Broadband speeds are getting faster and more affordable in Australia claims leading online research group Nielsen as a result both radio and television stations are set to benefit as consumers turn to the Internet to stream audio and TV programs.
A report compiled by Nielsen Online, the annual Internet and Technology Report, reveals that while consumption of traditional radio by Internet users declined by 1.1 hours by December 2008, the total number of radio hours (broadcast and online combined) amongst metropolitan Internet users increased by nearly two hours (+1.7hrs) thanks to the faster connection speeds available within metropolitan areas allowing listeners to stream radio programs. Overall consumption hours for online radio increased to 4.9 hours in 2008 (up from 4.2 in 2007).
Nielsen’s Internet and Technology Report found that almost one-quarter (23%) of Australian Internet users still have connection speeds slower than 1.5 mbps. However, 20 percent of Internet users intend to upgrade their connection speed by the end of 2009. With the majority opting for speeds greater than 1.5 mbps, users can reliably stream both audio and standard definition video content online (See chart 1).
“The trends we have noted in metropolitan Australia provide valuable insight into anticipated trends in regional and rural areas where Internet users’ connection speeds are yet to catch up to their city counterparts,” observes Tony Marlow, Research Director, Nielsen Online. “While metro areas are a good barometer for the ensuing online behaviours of the rest of the nation, if we look at Australia as a whole we currently lag behind other developed nations in what we consider to be fast Internet connectivity.”
Marlow notes, however, that “Australian connection speeds are constantly improving as more individuals move away from ‘fraudband’ connections which are slower than 1.5Mbps and tap into faster and cheaper plans. Online audio and video streaming will be one of the big growth areas for 2009, and faster connectivity just facilitates these increasingly popular activities.”
Nielsen’s report also indicates that television delivered online is beginning to make its mark. Almost half of metropolitan Internet users (47%) reported viewing television content either online or downloaded from the Internet, with 12 percent doing so frequently. (See Chart 2)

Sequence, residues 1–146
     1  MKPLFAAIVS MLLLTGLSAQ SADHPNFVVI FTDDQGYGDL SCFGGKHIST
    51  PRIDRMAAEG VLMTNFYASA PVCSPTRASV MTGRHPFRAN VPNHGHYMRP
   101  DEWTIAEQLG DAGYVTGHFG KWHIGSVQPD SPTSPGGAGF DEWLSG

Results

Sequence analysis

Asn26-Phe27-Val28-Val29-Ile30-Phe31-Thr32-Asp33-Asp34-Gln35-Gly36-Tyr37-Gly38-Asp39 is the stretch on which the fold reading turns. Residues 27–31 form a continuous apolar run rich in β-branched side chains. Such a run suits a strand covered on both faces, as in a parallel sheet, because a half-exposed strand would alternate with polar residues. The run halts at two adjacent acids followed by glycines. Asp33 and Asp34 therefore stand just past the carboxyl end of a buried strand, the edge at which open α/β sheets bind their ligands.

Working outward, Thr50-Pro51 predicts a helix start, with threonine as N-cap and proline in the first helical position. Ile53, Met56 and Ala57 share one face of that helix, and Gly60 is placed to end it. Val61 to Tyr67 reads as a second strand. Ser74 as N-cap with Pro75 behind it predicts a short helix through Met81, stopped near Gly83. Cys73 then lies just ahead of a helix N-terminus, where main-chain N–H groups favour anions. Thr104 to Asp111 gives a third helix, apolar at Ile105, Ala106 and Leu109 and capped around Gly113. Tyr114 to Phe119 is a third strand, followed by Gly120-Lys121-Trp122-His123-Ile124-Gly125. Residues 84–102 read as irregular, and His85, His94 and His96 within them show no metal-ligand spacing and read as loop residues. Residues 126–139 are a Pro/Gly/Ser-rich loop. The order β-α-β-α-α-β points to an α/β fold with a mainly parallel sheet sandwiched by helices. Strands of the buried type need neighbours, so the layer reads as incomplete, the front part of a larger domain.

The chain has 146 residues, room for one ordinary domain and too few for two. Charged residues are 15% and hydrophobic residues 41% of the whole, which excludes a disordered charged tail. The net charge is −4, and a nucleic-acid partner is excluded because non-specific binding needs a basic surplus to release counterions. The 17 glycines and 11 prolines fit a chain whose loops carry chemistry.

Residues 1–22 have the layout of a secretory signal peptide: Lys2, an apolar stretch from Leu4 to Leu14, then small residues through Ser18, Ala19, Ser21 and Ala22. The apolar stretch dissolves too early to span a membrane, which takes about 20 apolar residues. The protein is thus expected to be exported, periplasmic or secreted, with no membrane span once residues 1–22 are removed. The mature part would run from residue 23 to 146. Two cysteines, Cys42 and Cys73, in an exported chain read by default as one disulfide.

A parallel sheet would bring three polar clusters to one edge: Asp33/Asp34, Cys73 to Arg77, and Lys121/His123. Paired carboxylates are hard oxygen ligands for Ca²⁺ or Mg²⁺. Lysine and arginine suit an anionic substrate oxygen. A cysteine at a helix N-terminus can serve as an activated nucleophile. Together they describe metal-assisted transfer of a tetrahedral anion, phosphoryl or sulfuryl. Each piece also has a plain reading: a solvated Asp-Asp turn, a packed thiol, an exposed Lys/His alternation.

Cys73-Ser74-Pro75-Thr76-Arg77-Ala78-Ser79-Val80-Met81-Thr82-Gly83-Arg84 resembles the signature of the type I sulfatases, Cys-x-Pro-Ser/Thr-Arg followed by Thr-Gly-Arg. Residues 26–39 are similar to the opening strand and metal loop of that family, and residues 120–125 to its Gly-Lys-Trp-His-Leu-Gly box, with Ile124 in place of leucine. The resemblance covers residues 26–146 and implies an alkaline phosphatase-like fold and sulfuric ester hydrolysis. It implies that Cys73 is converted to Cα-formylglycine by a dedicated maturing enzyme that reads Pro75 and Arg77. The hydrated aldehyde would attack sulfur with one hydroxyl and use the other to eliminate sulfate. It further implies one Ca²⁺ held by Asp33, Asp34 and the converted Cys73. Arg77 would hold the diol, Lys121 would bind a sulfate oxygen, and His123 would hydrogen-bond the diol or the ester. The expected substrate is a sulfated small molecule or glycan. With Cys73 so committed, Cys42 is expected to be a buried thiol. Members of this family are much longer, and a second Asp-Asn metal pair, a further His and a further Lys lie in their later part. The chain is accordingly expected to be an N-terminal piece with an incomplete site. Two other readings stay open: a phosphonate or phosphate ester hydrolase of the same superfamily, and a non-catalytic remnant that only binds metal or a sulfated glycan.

“In recent years radio has been highly successful at reinventing itself by embracing the new online delivery channel,” says Marlow. “Leveraging the Internet as a delivery mechanism for radio content is a very successful strategy and this is clearly supported by the continued increases in online radio consumption hours. Similarly, there is significant opportunity for television to take advantage of the Internet as a delivery mechanism and monetise quality video content in the online environment – we know that users widely accept advertising supported models online and taking this approach will likely be the golden ticket to success for professional video content.”
Marlow says that for several years, rapid growth has been observed in the amount of time Australian Internet users spend online, although other traditional media have not observed such growth.
“While Internet usage continues to show solid growth year on year, traditional media still account for a significantly larger portion of advertising expenditure,” observes Marlow. “Television accounts for as much as double the amount of advertising dollars dedicated to the Internet and I expect to see this gap narrow over the next 18 months.
“The economic slowdown also has its role to play in the realignment of advertising expenditure, many advertising professionals are already feeling the pressure from brand owners wanting a better return from their shrinking advertising budgets,” concludes Marlow.
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